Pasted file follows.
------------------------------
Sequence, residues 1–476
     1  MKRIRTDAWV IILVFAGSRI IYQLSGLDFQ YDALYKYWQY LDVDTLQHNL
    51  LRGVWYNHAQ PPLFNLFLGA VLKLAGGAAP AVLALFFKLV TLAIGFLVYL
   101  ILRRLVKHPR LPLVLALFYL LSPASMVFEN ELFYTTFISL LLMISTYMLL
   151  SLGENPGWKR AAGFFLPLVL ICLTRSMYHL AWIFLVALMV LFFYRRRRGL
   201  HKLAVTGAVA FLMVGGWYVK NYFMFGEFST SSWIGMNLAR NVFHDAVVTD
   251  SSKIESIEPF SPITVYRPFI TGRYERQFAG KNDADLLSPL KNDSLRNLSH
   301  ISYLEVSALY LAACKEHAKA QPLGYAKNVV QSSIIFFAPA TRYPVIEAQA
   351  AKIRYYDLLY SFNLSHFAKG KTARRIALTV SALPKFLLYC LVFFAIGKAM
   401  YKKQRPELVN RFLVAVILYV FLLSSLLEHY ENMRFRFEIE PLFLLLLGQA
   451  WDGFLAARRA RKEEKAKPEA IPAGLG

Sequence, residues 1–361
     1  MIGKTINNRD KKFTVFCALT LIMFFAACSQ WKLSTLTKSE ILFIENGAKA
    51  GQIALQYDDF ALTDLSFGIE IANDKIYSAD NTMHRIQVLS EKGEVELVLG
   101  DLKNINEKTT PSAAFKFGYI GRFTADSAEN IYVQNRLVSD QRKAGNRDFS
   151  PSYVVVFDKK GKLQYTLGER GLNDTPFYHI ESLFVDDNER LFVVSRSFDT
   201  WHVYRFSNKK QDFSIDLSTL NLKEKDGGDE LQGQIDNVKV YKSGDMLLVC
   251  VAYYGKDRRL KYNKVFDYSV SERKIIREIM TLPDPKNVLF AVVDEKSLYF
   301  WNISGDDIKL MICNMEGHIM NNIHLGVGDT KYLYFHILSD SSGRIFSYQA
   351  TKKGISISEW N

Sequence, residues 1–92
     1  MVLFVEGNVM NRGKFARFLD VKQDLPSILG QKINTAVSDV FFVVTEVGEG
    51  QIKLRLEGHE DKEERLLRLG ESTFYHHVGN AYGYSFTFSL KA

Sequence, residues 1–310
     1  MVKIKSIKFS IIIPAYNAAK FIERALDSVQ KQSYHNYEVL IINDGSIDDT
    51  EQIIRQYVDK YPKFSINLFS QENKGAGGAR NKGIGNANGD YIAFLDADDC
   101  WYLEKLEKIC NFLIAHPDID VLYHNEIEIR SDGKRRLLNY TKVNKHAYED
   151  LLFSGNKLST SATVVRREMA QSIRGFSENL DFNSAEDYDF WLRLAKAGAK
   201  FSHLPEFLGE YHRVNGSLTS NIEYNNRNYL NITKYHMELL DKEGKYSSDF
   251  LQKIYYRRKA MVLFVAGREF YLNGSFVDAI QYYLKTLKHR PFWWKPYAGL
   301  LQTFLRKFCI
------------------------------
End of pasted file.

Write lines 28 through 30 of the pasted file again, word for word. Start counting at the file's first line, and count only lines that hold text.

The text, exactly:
   151  LLFSGNKLST SATVVRREMA QSIRGFSENL DFNSAEDYDF WLRLAKAGAK
   201  FSHLPEFLGE YHRVNGSLTS NIEYNNRNYL NITKYHMELL DKEGKYSSDF
   251  LQKIYYRRKA MVLFVAGREF YLNGSFVDAI QYYLKTLKHR PFWWKPYAGL